How To Draw Black People Vol.2 update #1
Thank you for your time, if you have it. ICYMI, I am currently running a Kickstarter for the second volume of HTDBP. During October, I plan to post updates here and on the Kickstarter landing page. These updates will also journal the process and how things are going, so you will find it here if you want.
Kickstarter Part Deux
First, let me introduce myself. My name is Malik Ali Ibn Rasheed Shabazz. I am a writer and an artist, and I have professionally made art and comic books for more than ten years. Most people know me from the first volume of How To Draw Black People, but I made comic books long before that. Given that it is ADHD acceptance month and I have both, I wanted to take this opportunity to clarify with people new to this series and me.
Shabazz Arts started as Night-M.A.I.R.S. press which was just me. I was still in college, and my daughter, Aurelia, was born. So I quit my jobs at the Staples center and CVS, working as a cashier to stay home with her. It was a win-win for me. I got to work from home and raise my child while her mother was away at work. That's when I got on Facebook and shortly after that transitioned to "The Art of Malik Shabazz." After nine years, I gained 25,000 followers and 5000+ friends and followers combined across two personal accounts. But then, Trayvon Martin, Sandra Bland, Freddie Gray, Miriam Carey, Walter Scott, and many other names are etched in my mind forever happened. Comics have always been political in America. Our world was wide open to the discourse that wrapped up the entire nation.
I'm sure I don't need to describe the type of factionalism many others have explained better than I can. There have been battle lines between comic book artists for quite some time now (no pun intended, but it is good). My battlefront was Blackness in comics.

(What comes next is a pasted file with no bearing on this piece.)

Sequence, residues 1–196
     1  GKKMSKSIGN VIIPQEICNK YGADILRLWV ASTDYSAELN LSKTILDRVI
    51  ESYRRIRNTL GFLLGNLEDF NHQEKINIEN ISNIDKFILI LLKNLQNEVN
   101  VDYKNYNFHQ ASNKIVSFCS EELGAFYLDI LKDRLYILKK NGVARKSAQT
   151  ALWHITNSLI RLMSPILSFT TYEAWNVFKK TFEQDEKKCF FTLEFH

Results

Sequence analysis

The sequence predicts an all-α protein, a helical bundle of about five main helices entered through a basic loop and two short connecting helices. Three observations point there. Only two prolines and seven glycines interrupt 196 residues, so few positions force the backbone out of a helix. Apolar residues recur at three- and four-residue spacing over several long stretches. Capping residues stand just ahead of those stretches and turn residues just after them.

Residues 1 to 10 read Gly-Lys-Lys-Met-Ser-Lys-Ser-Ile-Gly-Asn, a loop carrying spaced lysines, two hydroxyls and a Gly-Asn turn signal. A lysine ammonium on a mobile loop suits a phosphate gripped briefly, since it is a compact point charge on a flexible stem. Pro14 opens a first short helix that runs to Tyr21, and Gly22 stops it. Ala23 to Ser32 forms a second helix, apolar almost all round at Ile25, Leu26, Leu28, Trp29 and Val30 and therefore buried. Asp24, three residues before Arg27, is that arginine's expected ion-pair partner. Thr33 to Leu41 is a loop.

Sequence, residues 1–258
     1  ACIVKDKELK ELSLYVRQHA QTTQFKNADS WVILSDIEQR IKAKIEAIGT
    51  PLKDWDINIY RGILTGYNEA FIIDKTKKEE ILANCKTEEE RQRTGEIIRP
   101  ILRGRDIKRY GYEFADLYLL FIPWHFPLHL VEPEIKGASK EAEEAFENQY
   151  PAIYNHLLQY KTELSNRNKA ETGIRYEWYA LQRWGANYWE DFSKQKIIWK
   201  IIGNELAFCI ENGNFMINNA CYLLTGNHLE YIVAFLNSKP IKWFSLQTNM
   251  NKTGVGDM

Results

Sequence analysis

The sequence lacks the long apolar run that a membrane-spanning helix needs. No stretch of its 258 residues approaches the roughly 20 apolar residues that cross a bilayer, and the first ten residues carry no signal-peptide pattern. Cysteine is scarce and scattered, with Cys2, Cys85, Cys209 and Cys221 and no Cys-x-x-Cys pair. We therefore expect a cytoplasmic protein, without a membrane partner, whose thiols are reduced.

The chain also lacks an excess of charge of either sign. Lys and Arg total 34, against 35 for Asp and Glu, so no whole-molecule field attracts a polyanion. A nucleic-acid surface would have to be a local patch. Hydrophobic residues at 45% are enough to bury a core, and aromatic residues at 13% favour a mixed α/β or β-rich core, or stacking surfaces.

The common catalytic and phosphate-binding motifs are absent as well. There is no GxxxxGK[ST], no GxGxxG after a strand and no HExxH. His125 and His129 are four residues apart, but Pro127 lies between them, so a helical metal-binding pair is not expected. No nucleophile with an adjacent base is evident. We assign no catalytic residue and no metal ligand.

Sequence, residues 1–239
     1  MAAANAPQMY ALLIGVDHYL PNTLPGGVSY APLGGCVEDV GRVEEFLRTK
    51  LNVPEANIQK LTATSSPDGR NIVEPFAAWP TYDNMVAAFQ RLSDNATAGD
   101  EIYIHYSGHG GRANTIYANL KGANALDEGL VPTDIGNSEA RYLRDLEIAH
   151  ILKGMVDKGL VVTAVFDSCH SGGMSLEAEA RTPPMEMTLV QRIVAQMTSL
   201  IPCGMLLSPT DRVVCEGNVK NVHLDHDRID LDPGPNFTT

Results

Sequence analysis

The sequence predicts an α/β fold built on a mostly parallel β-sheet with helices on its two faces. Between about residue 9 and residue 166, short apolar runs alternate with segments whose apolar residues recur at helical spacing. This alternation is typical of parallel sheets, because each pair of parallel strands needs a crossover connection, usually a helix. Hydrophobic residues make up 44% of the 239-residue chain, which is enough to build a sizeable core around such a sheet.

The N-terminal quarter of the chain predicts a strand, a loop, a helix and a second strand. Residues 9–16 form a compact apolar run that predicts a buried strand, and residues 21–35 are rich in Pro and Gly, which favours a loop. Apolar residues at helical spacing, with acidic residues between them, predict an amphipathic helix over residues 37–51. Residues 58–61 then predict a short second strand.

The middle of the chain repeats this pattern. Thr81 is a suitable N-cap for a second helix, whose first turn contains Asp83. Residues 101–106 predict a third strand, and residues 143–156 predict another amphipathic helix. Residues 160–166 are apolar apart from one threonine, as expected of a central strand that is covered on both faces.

How To Draw Black People seemed to like the perfect opportunity to do some good and make something that could serve as a financial bedrock for the kind of stories that I wanted to tell. I'm not proud or ashamed to admit that my first motivation was the amount of money I could make. Although I was honest in creating a tutorial book that focused on Black features, it still felt like exploiting my race.
My first intention was to create a book similar to a generic "how to draw" title. However, when it finally came time to write the book, I realized two things: 1. I had no blueprint 2. Drawing Black people is not a simple as it sounds.
I put myself under tremendous stress, and eventually, I burned myself out. However, I was stretched far beyond my means and unable to stop myself. I was sure I was okay and that a bit of rest was all I needed; that or another energy drink. Still, I could never catch up on sleep, and the caffeine was not helping. My anxiety reached OCD levels. I could only manage to work on How To Draw Black People here and there before I had to continue working as a Uber/Lyft driver.
After months of incremental work, I finished the first volume and rushed it out to print before it was truly ready.
There's a lot more context I am leaving out for my privacy and that of other people. TL;DR: During the making of The first volume of "How To Draw Black People," I was going through autistic burnout, but I didn't know what autism was.
That brings me back to ADHD, autism, and what acceptance looks like for me.
ADHD Acceptance Month